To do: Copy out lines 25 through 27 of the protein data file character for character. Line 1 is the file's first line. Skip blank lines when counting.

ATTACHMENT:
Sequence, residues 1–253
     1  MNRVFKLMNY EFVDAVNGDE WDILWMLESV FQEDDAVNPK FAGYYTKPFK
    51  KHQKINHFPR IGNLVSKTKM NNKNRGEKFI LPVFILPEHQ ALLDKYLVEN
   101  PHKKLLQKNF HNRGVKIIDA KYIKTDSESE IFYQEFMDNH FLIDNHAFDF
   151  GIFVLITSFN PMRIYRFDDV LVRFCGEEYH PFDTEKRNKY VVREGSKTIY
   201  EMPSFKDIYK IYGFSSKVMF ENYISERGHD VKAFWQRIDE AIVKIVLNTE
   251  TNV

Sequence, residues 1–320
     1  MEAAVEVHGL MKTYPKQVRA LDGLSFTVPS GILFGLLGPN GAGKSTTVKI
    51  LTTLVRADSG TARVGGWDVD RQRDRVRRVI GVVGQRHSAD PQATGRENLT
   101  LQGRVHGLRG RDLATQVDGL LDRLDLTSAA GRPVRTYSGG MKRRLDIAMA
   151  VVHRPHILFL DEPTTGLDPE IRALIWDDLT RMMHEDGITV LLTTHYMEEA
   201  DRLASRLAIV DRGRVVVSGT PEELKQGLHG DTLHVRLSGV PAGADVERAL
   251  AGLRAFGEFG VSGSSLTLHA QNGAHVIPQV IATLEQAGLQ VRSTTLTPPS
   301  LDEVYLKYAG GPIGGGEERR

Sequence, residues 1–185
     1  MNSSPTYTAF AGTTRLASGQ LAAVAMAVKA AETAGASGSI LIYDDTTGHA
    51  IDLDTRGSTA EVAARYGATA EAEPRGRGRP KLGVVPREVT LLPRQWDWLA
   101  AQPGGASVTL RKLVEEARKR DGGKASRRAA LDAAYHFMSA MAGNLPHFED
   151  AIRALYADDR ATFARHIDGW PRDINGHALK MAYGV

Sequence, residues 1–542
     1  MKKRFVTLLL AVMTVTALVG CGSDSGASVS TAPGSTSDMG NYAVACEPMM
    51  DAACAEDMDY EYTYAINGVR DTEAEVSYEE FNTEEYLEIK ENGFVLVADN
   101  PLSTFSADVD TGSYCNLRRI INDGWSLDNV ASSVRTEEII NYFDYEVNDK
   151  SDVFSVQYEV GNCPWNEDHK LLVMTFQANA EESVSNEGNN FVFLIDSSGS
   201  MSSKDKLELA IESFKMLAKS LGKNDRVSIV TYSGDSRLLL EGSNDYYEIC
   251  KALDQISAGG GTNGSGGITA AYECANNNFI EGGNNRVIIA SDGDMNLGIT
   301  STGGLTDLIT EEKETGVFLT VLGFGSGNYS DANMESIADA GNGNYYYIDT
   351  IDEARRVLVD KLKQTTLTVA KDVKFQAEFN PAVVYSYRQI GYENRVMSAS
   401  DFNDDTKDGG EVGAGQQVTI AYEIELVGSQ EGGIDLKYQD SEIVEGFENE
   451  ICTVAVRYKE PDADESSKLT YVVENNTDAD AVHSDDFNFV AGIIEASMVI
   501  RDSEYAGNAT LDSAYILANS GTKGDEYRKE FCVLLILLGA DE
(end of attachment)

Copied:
   151  SDVFSVQYEV GNCPWNEDHK LLVMTFQANA EESVSNEGNN FVFLIDSSGS
   201  MSSKDKLELA IESFKMLAKS LGKNDRVSIV TYSGDSRLLL EGSNDYYEIC
   251  KALDQISAGG GTNGSGGITA AYECANNNFI EGGNNRVIIA SDGDMNLGIT